A Crash Course on Understanding Your Camera’s Histogram

While viewing an image file’s information through your camera or computer, have you ever noticed the presence of a small, mountainous looking graph? That little visual—known by photographers as a histogram—actually holds quite a bit of useful information. In the following segment, photographer David Bergman explains:

Simply put, the histogram functions as a means of visually representing the data each pixel of an image contains. It’s a means of quantifying an image and sharing readable information. However, that explanation doesn’t fully describe the purpose or utility of the histogram. The following frequently asked questions provide answers that will better help artists understand just how the math and science behind the histogram correlates to making accurate predictions concerning the contents of an image. 

What is dynamic range?

The term dynamic range (in the context of photography) refers to the scope of being able to perceive darks and lights in a single scene. The human eye has an incredibly high dynamic range; we can see very dark shadows and bright highlights all at the same time. However, a camera has a much more limited dynamic range in comparison. The technology is limited, meaning that often times photographers are forced to choose whether they’re going to shoot to expose the brightest parts of a picture or the darkest.

over exposed image

Unfortunately, cameras don’t have the dynamic range of our eyes. In this image, the details of the apartment building are clear and properly exposed. However, clouds in the sky are completely lost.

under exposed image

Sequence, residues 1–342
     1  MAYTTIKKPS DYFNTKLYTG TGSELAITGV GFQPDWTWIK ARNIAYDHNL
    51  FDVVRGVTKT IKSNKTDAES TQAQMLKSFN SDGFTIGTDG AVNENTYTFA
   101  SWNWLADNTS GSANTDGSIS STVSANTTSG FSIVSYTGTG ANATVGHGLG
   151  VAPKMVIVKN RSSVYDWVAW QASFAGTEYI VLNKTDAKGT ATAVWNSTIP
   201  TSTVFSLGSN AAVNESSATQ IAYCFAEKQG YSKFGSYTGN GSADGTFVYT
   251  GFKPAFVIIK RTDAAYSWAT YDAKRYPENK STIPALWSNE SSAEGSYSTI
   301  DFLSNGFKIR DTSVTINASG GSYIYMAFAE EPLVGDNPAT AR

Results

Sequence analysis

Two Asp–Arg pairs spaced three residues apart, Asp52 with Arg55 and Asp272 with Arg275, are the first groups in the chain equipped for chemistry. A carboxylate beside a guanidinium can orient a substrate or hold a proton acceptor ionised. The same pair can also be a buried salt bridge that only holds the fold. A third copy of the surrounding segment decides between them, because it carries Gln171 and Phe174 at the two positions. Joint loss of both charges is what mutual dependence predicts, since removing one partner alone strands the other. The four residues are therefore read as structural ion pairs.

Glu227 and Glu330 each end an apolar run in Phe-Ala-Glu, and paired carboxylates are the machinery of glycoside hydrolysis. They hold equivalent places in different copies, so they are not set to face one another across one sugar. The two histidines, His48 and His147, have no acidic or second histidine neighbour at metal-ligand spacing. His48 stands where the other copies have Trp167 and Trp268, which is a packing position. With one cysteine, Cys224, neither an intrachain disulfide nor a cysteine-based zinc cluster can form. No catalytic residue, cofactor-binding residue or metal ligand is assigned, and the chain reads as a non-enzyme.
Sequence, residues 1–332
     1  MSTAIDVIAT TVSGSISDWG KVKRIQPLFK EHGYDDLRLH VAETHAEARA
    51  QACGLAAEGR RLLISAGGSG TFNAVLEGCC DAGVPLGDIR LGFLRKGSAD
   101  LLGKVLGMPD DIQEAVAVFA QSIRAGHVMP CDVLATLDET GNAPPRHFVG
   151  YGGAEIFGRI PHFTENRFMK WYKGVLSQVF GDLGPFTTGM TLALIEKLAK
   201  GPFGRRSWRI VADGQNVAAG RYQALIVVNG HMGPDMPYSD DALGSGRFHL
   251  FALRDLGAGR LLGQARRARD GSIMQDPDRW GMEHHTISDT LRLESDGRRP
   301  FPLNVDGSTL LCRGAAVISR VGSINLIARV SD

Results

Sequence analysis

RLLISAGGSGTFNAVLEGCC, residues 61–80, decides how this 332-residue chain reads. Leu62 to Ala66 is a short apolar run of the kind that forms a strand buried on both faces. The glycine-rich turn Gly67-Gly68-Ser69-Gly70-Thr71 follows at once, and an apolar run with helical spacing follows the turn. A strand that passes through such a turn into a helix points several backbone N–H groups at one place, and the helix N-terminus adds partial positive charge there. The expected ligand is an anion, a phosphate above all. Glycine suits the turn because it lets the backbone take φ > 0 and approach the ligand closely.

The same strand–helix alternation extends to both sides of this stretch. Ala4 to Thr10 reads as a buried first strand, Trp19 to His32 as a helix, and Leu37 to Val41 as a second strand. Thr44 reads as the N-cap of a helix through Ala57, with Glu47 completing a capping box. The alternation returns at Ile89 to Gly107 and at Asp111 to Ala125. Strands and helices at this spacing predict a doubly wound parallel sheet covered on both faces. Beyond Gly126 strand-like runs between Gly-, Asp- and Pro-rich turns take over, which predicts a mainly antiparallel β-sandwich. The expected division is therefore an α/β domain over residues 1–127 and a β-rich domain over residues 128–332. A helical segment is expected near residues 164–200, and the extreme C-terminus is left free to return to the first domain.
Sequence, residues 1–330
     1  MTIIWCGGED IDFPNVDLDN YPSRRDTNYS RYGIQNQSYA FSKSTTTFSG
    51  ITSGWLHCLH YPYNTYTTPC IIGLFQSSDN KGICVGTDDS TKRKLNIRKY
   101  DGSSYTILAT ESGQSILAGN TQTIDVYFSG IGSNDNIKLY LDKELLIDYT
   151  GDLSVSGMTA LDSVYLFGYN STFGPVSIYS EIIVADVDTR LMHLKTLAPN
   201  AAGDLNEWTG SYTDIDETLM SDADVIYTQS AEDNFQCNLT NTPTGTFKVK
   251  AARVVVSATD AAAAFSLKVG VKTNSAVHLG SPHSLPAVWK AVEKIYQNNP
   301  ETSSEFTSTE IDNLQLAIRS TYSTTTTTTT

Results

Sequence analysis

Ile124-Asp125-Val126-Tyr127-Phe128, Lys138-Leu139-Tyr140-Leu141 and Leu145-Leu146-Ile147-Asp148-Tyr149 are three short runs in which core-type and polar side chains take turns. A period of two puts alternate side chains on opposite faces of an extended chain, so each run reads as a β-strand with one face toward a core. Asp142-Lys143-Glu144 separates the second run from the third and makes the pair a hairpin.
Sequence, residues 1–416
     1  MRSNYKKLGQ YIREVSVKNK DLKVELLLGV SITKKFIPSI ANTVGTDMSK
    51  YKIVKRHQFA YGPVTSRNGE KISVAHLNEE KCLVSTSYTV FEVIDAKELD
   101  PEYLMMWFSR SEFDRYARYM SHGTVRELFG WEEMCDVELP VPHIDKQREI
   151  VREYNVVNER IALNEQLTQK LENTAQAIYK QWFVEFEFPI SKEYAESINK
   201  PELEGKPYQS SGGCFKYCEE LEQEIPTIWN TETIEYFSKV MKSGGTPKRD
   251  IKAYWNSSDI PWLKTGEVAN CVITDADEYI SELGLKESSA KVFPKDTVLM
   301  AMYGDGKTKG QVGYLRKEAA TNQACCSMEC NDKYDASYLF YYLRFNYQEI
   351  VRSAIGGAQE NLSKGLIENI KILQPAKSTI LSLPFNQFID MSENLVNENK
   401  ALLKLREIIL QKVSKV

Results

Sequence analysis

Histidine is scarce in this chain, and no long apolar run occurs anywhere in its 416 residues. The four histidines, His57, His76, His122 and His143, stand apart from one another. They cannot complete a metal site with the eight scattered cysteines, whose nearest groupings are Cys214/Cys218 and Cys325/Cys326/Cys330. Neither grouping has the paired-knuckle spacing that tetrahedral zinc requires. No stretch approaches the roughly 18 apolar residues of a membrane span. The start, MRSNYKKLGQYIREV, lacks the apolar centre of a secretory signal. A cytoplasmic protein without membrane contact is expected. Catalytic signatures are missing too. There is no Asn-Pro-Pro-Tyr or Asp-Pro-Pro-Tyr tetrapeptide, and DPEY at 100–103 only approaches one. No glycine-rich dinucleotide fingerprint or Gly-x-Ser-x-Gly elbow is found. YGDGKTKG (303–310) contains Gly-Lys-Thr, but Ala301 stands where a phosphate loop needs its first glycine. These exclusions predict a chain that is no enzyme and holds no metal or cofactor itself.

In this image, the photographer adjusts the camera settings to capture the shapes and colors in the sky. Consequently, the building and tree in the foreground are shrouded in darkness.

How do you read a histogram?

Although there are no numbers or words that label the axis of the histogram, it’s a fairly straight forward graph to read and comprehend. The graph itself is a representation of an image file’s dynamic range, with pure black lying all the way to the left and pure white on the right. The peaks of a well exposed image will primarily lie in the center of the graph. The more disperse the graph, the higher the overall tonal range of an image. If you find that the histogram is tapering off to one side or the other, it signifies that information is being lost in either the highlights or the shadows of the image.

histogram with corresponding image

The histogram, depicted on the right side of the camera screen, tapers off to the right. This indicates that the image file itself is quite bright.

Why use the histogram?

Although there is no right or wrong exposure for an image, the histogram can be an incredibly helpful tool when trying to determine the exact data an image file contains. The picture on the camera itself can be an inaccurate representation of the true image file due to variable factors internally (such as a calibration issue inside of the Live View screen) or externally (a glare from the sun preventing a clear view of the picture). Therefore, it is possible to see an image that looks completely fine in camera only to realize later on that areas are over or underexposed. Luckily, since the histogram focuses on the data itself, it’s not subject to the same optical variables that prevent us from getting a clear and accurate view of our photographs.

Navigating histograms can be difficult for photographers who aren’t inclined to math or science. The quantification of a photograph often isn’t an easy concept to wrap your head around. However, taking the time to learn the ins and outs of histograms is a worthwhile endeavor for any serious photographer—it could make all  the difference in perfecting your imagery in the field to be the best it can be.

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